Pot had nothing to do with developing schizophrenia, i know this because my “hallucinations” have even physically harmed me three times as well as other things proving they are real.

Last time i was high, years and years ago, it was absolutely terrifying. Took a couple and sat down. And there they were in the sky, only in my mind though, it wasn’t a visual. They were up there showing me what they were. The deep deep evil and power of them made me begin to shiver and shake, my bones were quaking.

The terror was deep that day.

You never want to be tormented in your mind by very powerful psychopaths on pot i can say.


#8

Schizophrenia is supposedly a disease of the mind. Illegal/street drugs affect and alter the mind. Draw your own conclusions.


#9

I still believe that the gene has to be there in the family and then the marijuana smoking causes the schizophrenia to happen, to release into the already diseased brain if you will. If Nathan had never smoked marijuana, would he be schizophrenic today? Who knows? But it’s not the weed that caused the Sz. I believe it’s the combination of genetics and drug use, specifically marijuana. And from the research I have read, if I understand it correctly, he started smoking about the age of 15 and by 17 he was starting to withdraw from his marijuana smoking friends, who by the way, none are schizophrenic. So there is just no black and white here.


#10

I agree. Marijuana is bad. But it isn’t as bad as a lot of other drugs, including alcohol. I’ve seen marijuana devastate a person’s life, but I’ve seem alcohol devastate more, including mine.


#11

This a total generalization on my part but in my experience I rarely saw a recreational pot smoker. I didn’t meet people who would just smoke one or two joints a week and then that was it. It may have started out like that but most teenagers I knew smoked it as often as possible. Most smoked it whenever they could get it, including me. I don’t know if my high school was unique but at my school every clique and every class and social group smoked pot. By that, I mean of course the stoners smoked it but so did the jocks, the cheerleaders the geeks, and the “just average” folk.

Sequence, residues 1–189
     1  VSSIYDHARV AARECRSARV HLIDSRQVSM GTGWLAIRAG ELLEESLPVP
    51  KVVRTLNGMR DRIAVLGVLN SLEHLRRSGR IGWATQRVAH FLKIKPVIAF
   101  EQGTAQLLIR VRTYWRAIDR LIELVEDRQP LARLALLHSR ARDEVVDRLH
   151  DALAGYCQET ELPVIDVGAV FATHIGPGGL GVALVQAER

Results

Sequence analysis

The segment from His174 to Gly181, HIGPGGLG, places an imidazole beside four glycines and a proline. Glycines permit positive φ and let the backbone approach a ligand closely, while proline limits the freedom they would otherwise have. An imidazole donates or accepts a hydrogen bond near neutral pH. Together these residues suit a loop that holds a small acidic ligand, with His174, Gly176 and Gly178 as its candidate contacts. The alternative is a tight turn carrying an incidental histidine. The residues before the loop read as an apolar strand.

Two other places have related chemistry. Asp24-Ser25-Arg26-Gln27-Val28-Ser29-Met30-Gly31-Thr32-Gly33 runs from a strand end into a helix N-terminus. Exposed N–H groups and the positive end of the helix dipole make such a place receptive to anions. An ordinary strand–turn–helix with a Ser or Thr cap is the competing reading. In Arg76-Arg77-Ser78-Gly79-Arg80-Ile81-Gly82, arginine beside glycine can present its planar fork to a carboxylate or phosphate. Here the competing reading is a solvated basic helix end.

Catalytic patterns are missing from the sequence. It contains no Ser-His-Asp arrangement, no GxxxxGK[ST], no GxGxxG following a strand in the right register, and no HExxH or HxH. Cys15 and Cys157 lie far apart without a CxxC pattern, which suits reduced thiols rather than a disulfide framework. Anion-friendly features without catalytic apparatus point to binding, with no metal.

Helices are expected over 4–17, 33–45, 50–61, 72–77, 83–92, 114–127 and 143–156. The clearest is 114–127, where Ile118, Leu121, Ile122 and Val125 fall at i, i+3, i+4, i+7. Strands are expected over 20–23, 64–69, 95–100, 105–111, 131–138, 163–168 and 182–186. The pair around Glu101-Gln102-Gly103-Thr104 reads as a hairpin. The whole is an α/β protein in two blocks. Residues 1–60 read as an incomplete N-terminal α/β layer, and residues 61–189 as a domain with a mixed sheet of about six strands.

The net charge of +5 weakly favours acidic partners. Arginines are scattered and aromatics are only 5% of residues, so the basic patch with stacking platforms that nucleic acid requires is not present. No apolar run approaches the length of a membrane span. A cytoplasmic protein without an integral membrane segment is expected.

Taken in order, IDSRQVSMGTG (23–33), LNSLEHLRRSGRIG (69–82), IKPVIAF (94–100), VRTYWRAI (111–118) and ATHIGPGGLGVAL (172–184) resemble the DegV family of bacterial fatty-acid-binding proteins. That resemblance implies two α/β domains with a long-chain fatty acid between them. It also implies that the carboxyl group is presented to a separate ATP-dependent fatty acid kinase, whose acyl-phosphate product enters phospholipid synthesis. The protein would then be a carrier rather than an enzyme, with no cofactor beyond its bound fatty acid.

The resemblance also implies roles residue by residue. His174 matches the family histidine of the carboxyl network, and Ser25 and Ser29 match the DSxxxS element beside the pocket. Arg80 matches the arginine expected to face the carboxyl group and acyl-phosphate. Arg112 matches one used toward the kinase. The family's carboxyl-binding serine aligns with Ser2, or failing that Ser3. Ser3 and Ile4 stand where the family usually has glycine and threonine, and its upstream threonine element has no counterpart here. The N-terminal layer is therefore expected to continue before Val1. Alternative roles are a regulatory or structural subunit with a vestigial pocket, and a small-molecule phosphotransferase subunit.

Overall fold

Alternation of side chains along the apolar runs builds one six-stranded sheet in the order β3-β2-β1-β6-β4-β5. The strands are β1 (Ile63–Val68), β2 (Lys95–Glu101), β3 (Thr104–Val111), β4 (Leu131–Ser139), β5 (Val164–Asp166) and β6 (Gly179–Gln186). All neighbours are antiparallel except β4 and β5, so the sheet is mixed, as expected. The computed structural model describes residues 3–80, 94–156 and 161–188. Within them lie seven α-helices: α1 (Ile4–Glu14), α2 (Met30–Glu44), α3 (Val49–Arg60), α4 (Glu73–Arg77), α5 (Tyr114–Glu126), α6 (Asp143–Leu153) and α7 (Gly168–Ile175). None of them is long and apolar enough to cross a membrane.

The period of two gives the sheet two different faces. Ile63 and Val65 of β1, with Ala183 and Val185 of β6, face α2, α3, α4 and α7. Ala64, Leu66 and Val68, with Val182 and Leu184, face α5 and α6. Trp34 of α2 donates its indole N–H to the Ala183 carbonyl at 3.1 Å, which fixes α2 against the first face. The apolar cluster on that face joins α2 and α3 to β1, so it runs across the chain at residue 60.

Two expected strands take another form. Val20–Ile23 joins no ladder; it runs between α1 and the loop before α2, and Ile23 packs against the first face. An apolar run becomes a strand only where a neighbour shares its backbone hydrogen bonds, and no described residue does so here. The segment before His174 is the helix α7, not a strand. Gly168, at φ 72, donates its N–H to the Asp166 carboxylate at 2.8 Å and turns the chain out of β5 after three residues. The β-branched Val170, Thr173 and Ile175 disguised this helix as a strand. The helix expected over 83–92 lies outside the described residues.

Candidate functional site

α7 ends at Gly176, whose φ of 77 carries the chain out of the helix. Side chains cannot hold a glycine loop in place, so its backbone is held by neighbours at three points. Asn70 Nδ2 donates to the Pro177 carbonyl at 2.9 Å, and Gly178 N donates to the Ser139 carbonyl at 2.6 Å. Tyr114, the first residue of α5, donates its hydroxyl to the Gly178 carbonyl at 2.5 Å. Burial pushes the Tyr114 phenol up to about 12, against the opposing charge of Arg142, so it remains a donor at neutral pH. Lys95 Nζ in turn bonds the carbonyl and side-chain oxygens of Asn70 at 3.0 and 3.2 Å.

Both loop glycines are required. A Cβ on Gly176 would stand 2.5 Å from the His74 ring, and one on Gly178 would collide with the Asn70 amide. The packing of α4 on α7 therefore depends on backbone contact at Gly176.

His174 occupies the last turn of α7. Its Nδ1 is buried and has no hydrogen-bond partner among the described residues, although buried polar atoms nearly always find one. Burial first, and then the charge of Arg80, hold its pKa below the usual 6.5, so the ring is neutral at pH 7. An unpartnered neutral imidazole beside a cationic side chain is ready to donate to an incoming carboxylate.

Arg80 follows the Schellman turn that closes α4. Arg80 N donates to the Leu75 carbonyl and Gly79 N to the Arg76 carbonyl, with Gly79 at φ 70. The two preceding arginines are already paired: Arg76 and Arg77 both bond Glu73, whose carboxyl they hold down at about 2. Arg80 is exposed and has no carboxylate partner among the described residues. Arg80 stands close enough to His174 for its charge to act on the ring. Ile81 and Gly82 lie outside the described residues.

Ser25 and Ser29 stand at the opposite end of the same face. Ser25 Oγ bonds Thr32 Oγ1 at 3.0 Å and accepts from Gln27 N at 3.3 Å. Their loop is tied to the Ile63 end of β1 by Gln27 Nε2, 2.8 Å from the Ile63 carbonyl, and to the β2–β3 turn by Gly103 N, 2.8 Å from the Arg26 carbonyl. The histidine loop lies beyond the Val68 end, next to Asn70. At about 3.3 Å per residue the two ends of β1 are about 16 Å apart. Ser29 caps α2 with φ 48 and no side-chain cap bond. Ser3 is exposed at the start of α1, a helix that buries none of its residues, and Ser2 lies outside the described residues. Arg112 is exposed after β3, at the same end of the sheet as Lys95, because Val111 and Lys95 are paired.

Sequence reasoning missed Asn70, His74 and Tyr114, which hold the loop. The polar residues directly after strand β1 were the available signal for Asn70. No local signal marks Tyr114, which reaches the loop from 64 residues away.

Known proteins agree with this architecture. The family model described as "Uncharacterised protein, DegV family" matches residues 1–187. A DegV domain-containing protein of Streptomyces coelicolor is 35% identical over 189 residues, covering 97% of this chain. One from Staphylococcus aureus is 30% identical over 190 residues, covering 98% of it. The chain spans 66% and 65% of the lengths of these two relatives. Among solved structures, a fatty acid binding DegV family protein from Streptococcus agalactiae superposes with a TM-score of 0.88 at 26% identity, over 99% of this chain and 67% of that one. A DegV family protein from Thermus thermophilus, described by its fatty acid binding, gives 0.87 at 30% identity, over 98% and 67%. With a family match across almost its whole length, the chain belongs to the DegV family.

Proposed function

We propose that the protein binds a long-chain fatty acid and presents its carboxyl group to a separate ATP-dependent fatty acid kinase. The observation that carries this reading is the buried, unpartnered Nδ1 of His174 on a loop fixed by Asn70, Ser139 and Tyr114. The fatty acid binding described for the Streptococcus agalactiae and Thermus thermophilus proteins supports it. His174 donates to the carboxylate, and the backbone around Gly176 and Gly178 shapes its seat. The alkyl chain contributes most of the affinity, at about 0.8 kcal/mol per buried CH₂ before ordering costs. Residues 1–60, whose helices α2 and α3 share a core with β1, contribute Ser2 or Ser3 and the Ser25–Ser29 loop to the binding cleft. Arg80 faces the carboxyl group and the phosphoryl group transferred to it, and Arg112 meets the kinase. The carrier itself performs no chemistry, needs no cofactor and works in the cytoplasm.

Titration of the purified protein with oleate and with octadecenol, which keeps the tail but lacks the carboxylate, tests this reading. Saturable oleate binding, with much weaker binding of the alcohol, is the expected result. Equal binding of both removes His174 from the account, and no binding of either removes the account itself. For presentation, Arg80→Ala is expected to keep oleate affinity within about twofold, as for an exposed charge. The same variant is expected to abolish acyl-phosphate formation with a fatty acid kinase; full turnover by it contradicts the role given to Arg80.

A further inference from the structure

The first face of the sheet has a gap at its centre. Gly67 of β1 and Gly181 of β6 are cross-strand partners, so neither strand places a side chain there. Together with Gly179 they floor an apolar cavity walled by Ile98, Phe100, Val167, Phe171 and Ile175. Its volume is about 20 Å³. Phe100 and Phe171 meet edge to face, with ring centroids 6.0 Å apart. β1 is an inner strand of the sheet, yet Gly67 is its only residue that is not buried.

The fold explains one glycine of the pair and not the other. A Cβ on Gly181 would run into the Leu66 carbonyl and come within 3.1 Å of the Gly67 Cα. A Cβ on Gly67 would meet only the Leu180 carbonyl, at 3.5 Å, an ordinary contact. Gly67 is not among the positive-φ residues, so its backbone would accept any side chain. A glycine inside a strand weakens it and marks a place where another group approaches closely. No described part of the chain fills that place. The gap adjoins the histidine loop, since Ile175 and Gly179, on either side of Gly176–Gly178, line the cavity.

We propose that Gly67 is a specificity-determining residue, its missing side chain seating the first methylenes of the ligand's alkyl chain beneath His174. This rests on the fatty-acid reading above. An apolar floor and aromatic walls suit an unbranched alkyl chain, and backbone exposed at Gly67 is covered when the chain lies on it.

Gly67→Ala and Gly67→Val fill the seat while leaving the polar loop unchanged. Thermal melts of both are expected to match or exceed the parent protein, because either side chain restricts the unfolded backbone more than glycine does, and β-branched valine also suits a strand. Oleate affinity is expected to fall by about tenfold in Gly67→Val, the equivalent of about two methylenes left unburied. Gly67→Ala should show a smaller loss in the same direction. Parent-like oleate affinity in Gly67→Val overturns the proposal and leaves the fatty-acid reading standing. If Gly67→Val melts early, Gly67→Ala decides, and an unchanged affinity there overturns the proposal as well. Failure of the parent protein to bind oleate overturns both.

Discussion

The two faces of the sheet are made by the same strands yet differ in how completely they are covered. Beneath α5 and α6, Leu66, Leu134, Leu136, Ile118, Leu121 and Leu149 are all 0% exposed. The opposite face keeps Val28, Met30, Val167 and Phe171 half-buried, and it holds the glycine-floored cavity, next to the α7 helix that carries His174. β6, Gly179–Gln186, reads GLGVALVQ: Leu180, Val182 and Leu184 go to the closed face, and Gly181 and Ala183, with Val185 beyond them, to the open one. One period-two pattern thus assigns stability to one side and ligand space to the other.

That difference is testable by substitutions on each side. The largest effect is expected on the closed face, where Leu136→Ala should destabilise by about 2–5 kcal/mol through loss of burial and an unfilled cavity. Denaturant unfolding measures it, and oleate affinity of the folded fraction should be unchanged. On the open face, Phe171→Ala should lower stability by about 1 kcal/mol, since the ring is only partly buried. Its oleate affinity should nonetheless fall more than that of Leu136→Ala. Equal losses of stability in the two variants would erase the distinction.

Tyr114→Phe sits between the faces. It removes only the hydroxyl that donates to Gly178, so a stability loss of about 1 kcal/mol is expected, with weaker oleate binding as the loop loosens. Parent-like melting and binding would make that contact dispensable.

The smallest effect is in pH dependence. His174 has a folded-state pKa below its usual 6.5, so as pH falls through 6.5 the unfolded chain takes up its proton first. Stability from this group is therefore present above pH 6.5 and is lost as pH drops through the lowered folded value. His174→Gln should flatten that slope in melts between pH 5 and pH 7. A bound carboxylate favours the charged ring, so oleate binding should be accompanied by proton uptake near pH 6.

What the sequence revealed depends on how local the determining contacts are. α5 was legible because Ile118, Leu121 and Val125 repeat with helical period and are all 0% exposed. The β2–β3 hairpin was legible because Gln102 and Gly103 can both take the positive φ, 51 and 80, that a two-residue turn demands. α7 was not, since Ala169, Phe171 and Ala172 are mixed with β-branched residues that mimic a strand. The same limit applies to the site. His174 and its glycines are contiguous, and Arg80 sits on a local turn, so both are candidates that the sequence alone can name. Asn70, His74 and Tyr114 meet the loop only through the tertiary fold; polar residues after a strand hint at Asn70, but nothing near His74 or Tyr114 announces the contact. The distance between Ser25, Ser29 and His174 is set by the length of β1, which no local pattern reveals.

It’s a huge generalization to say everybody abuses it but it seems the teenagers I knew smoked a lot of it.
And I hid my pot use from my parents. They didn’t know I was a daily smoker for my last two years of high school.


#12

I assume you can provide links to peer reviewed studies to back up these statements?

Pixel.


#13

My son’s friend’s mom lets the kids smoke at her condo. It infuriates me because she does not realize how much it affects kids like mine. Because it’s being legalized everywhere the general attitude, at least as far as I can tell is that it’s fine. If they are legalizing it then it must be ok and not a big deal anymore. But for someone with a predisposition to sz it’s a huge deal. I wish they hadn’t legalized it and legitimized it, it would be better off being used as a medication appropriately then just used to self medicate.


#14

Marijuana has the worst effect of me maybe of any drug in the short term. Long term, it’s up for debate.


#15

I’ve known people who craved pot constantly. They want to get high every minute of every day. But the reason I think alcohol is more dangerous is because it incapacitates so badly. Every year thousands upon thousands of people die due to drunk driving. Nothing like that happens because of pot. If I get high on pot I’m not going to beat my wife and kids, I’m not goint to get in a fight in a bar, and I’m not going to drive a hundred miles an hour down the highway.


#16

I used to enjoy smoking when I was a teenager. It just made me enjoy things more and laugh a lot. But not anymore. Now I just get really paranoid and weird. I can’t do it anymore. I think it just intensifies but sz symptoms.